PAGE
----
In conjunction with leading social intelligence company Brandwatch, anti-bullying charity Ditch the Label analysed current constructs of masculinity as expressed across social media.
In 2016, we published our fourth Annual Bullying Survey; this report in particular was notable because it was the first piece of mainstream research to uncover the reasons why people bully others. The survey enabled us to build complex profiles of those who perpetrate bullying, which in turn has allowed us to increase the amount of support we provide to prevent bullying from happening in the first place.
Interestingly, in this research we found that those who identify as being male or who have grown up in a male-dominated household were more likely to bully than those who identify as female or have greater female influences at home. We also discovered that males are less likely to tell somebody or seek support if they are experiencing bullying themselves. Societal constructs of masculinity have long denied many boys and men around the world freedom of visceral expression; taught from a young age to suppress their emotions, to 'man up', to 'stop being a girl'- and many young men conform, for fear of being labelled 'gay' or 'feminine' - adjectives that have come to be synonymous with weakness.
With this kind of suppression, stoicism and denial firmly rooted in our culture, is it any surprise that suicide is the biggest killer of young men? Or that many males resort to aggressive behaviours as an outlet for their pent-up frustration and emotion?
A redefinition is in order. It is time we finally addressed these issues, looked after the mental health of future generations of young men and ditched these limiting, archaic stereotypes. Only then can we implement positive societal change and proactively reduce rates of bullying and crime, as we now know these to be interlinked.
Here at Ditch the Label we are making it our mission to encourage more young males to reach out for help when they need it. For us to better understand the current climate and how we can apply our resources effectively, we worked in conjunction with social intelligence company Brandwatch, to gain further insight into how constructs of masculinity are being expressed and perceived across social media, looking specifically at dialogue on Twitter.
The best way to measure something like this is often to observe behaviours, and so we analysed almost 19 million public Tweets from both the UK and US over a four year period to get a broad understanding of the landscape.
Observing discussions on masculinity in four key areas, (how an individual behaves, how they look, their personality and lifestyle preferences) we found that 1 in 3 of all discussions associated with masculine behaviour on Twitter referenced violence; ranging from physical aggression, gun violence, domestic violence and war.
Sports fans were found to be most likely to comply with the masculinity construct, whereas students were the most likely to deviate. Further research in this area could explore the integration between both groups as a tool to promote diversity within sporting contexts.
There were also indications that exhibiting certain behaviours or possessing certain physical attributes, such as stoicism and 'toughness', facial hair and a muscular physique, a preference to eat meat and drink beer, are seen as masculine ideals, whereas drinking cocktails or listening to pop music are examples of activities that aren't sheltered underneath the umbrella of masculinity. The act of crying was repeatedly cited as a feminine behaviour.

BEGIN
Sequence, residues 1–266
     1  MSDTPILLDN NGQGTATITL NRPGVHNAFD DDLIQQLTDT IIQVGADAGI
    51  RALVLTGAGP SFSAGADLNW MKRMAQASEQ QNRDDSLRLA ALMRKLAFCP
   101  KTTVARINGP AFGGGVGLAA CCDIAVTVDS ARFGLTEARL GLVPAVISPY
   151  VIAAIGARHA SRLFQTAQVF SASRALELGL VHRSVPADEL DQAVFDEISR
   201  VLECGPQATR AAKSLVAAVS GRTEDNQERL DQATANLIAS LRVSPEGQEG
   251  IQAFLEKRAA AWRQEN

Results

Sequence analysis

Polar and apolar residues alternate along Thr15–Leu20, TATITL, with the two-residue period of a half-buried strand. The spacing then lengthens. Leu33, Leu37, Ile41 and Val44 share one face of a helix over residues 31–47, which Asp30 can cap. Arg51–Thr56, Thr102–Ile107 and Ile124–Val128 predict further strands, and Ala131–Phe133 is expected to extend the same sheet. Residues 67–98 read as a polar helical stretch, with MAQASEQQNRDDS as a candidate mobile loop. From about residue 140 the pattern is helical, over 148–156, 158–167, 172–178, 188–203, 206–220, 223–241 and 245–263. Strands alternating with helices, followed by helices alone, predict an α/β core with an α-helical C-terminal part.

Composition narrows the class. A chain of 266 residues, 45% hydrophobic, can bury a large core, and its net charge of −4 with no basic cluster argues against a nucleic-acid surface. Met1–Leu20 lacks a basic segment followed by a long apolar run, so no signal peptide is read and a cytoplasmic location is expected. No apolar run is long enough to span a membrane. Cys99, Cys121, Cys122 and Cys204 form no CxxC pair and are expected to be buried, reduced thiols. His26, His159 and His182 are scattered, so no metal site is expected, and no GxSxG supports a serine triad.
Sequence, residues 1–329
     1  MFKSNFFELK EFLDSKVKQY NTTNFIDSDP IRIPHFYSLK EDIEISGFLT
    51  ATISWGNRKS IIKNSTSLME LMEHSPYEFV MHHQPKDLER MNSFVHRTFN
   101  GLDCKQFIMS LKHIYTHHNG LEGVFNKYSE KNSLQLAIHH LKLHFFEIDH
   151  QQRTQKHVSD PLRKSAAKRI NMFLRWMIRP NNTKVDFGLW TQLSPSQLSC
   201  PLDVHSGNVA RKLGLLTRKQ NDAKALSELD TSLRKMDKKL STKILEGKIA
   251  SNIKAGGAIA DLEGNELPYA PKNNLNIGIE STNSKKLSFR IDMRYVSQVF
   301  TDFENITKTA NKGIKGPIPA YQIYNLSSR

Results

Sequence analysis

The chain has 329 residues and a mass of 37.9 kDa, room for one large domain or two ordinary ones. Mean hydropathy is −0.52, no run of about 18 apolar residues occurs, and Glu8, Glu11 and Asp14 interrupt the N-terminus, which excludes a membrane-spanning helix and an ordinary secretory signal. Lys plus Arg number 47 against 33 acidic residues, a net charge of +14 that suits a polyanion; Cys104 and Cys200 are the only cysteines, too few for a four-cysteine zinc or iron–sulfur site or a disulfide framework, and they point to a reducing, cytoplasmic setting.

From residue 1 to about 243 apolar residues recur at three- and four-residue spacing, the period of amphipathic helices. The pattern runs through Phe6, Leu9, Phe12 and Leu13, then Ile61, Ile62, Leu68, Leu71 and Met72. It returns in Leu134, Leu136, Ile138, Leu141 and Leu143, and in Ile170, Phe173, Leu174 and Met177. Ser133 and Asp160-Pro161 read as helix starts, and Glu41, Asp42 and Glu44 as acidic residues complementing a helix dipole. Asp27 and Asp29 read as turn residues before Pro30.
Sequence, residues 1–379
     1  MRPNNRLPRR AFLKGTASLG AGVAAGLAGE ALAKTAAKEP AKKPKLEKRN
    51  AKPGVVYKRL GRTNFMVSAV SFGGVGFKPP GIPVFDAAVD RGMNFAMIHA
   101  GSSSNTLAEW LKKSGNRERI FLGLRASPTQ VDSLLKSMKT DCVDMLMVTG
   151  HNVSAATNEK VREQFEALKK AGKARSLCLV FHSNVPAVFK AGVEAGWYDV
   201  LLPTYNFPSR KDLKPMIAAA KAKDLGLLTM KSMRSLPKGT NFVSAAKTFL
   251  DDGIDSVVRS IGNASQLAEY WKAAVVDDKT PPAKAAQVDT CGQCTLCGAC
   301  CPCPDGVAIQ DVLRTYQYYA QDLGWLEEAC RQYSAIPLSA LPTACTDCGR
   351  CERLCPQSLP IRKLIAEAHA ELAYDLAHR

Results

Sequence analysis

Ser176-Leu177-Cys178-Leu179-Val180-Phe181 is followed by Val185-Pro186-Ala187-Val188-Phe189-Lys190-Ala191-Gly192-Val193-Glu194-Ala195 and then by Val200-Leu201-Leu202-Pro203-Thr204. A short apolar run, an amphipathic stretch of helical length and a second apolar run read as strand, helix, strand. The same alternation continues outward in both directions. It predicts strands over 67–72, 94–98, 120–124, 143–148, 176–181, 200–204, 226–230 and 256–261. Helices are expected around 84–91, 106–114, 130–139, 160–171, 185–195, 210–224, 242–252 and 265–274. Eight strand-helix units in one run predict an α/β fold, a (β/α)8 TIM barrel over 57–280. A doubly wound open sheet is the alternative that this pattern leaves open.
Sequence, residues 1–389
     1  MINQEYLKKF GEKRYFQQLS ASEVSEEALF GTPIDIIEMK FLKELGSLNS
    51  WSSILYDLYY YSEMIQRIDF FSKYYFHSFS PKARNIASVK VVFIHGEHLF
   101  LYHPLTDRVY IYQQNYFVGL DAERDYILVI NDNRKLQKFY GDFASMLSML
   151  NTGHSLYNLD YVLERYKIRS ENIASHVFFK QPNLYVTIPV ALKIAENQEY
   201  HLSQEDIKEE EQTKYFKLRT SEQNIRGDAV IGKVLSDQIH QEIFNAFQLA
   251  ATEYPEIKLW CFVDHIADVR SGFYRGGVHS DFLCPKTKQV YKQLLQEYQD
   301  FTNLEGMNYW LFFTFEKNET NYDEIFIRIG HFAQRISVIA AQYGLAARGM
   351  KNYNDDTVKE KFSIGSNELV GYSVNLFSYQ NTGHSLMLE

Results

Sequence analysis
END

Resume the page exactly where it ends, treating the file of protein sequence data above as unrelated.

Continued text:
The research also brought to light the fact that masculinity continues to be heteronormative; actively discriminating against young men who do not identify as being straight. Homophobia was mentioned in 9% of conversations revolving around fragile masculinity and homosexuality was often used in a negative, non-literal sense to criticise behaviour seen as non-conformist.
Positively, what it means to be a man is a growing talking point and includes transgender voices using Twitter to generate discussion and offer a fresh perspective on the subject. We found that many authors are utilising the network to question and challenge existing prototypical constructs of masculinity, as are brands and media sources - which is promising news, as advertising plays a major role in reinforcing notions of gender.
The research revealed that generally, reactions to those who do not conform to the macho stereotype are often supportive; people on Twitter were six times as likely to respond positively than negatively to their connections when they posted content that didn't subscribe to traditional gender stereotypes. This suggests that generally, Twitter could be considered a safer place for expression of diversity.
Although it is apparent that perceptions are slowly shifting and stereotypes of masculinity are being challenged, masculinity-related insults unfortunately remain prevalent. This is especially the case among authors associated with family or parenting, which suggests that these terms and attitudes may be passed down to future generations.
You can read the full report here.
HuffPost UK is running a month-long focus around men to highlight the pressures they face around identity and to raise awareness of the epidemic of suicide. To address some of the issues at hand, Building Modern Men presents a snapshot of life for men, the difficulty in expressing emotion, the challenges of speaking out, as well as kick starting conversations around male body image, LGBT identity, male friendship and mental health.
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